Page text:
Last month the U.S. Department of Justice (DOJ) has issued a new consideration with regards to the Wire Act set in 2011, therefore, looking to reverse the Office of Legal Counsel’s position that means the Wire Act is solely limited to sports gambling. In the recent petition it states that “the Criminal Division has asked us to reconsider our 2011 Opinion. We do not lightly depart from our precedent. But having reconsidered our conclusion, we now reach a different result. The 2011 Opinion, in our view, incorrectly interpreted the limitation “on any sporting event or contest” (the “sports-gambling modifier”) to apply beyond the second prohibition that it directly follows: the prohibition on transmitting “information assisting in the placing of bets or wagers.”

When the DOJ speak about wire act of course it will inevitably open the whole debate as to the wider implications of such a claim whereby online casino operators might be affected. In other words, the reversal will make the Act applicable to any form of online gambling that occurs beyond State lines, something that will be favourable to land-based casinos out in Las Vegas who are seeing their share of the pie slowly being eaten up by online competition.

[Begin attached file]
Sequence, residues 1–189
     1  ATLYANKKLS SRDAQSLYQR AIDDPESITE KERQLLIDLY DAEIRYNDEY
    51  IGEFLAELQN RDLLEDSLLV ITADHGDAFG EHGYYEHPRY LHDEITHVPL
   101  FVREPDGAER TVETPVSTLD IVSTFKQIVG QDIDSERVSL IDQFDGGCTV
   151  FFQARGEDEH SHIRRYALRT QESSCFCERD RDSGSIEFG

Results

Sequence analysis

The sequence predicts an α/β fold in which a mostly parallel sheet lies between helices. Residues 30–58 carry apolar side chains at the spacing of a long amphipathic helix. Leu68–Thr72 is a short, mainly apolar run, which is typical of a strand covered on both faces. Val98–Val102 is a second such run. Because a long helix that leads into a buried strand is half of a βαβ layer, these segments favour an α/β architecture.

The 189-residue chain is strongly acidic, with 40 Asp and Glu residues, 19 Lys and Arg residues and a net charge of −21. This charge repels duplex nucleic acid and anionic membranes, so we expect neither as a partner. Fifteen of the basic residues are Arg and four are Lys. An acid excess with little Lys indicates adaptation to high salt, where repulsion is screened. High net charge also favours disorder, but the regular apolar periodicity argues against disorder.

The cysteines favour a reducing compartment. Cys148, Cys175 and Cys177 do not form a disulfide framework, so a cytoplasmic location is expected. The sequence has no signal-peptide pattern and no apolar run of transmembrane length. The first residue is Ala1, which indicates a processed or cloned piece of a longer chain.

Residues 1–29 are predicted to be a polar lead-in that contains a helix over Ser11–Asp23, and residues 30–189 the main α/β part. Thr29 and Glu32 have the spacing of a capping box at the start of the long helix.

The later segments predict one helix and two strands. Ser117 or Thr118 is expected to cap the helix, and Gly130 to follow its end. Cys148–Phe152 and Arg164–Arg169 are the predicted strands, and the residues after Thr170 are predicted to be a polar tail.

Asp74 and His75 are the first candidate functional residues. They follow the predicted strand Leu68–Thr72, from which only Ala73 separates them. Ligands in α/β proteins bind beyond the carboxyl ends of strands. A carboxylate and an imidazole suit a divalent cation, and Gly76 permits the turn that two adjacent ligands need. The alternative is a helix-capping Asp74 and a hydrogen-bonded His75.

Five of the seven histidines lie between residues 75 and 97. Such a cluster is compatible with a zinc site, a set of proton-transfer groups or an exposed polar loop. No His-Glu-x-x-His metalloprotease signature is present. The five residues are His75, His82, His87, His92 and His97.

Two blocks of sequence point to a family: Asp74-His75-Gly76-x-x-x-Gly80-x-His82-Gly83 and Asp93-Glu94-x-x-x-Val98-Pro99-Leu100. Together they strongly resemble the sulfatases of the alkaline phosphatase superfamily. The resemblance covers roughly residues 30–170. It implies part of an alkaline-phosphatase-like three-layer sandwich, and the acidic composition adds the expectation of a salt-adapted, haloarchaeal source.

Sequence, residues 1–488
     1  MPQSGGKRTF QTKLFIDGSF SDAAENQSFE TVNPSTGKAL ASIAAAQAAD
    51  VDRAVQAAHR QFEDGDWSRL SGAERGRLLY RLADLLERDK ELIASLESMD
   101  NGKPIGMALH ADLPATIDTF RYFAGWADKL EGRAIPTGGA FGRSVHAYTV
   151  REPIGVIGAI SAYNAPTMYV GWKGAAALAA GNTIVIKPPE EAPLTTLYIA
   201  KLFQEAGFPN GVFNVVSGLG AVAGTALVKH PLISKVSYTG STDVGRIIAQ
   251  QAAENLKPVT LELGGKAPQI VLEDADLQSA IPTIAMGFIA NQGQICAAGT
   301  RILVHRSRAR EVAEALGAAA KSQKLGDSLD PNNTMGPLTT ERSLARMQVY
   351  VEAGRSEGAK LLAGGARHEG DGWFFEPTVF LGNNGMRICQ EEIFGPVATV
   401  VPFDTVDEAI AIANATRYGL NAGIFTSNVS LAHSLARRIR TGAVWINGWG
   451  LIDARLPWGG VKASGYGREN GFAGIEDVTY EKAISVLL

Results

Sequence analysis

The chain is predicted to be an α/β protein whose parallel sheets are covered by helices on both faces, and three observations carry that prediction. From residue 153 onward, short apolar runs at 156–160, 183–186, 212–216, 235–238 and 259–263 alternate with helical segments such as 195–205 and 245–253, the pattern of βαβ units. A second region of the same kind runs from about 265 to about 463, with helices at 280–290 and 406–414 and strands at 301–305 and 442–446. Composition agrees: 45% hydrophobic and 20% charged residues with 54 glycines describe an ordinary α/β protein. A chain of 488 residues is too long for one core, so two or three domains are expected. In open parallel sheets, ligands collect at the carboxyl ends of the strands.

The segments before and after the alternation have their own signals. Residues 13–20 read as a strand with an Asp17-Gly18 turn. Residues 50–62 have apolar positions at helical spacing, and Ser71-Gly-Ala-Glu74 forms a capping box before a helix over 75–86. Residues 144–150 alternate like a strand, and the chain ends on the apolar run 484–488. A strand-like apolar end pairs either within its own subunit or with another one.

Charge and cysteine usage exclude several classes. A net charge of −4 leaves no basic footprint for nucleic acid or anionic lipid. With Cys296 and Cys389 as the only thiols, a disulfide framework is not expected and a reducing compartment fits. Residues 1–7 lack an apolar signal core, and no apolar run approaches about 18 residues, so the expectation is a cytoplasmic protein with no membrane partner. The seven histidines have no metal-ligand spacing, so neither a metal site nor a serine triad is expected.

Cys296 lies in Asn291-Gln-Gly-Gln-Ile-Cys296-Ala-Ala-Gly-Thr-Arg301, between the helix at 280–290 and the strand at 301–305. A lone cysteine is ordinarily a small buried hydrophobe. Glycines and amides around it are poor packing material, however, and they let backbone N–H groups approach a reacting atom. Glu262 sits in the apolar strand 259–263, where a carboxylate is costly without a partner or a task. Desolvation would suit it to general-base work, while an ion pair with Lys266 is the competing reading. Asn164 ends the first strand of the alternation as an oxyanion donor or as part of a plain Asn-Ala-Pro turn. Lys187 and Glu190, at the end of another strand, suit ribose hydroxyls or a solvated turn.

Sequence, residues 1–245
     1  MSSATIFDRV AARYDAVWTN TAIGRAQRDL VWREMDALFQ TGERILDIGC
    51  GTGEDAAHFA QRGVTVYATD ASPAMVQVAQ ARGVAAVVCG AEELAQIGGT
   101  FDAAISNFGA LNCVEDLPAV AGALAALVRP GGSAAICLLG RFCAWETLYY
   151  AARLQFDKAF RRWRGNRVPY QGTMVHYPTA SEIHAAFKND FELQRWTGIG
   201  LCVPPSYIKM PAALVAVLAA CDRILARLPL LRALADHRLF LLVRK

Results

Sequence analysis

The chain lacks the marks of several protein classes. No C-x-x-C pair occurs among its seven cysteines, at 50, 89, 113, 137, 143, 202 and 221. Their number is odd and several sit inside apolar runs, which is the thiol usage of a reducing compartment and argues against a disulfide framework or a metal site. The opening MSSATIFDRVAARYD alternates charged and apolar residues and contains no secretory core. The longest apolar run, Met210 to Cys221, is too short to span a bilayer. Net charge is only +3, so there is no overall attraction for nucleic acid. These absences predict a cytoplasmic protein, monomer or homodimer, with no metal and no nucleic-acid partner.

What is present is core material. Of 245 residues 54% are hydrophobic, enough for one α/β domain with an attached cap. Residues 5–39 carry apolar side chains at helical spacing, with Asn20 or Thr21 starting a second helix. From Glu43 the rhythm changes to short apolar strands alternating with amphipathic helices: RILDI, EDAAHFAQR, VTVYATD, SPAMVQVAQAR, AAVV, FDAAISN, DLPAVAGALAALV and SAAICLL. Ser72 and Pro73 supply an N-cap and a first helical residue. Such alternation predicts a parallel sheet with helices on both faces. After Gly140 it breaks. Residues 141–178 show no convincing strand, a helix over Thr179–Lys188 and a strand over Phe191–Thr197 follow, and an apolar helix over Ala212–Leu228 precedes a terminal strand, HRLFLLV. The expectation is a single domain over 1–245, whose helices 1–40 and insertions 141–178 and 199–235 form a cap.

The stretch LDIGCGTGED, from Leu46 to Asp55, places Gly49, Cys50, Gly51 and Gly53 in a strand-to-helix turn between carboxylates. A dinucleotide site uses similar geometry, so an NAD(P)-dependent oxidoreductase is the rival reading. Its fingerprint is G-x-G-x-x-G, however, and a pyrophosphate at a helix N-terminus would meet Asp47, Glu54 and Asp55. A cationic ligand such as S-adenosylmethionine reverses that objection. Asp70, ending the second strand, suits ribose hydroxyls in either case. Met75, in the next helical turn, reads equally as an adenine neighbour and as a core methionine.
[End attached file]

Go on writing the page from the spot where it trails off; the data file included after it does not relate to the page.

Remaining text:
It is useful to note that The Justice Department also concluded that the 2006 enactment of the Unlawful Internet Gambling Enforcement Act did not change the scope of the Wire Act.

In 2011, the department’s Office of Legal Counsel (OLC) issued a memo declaring that the Act’s ban on interstate gambling applied solely to sports betting. At the time, the New York and Illinois lotteries sought clarification from the department on whether out-of-state payment processors could be used for lottery subscriptions made across state lines. A handful of states including Nevada, Delaware and New Jersey, passed bills to legalize online gaming in the wake of the memo.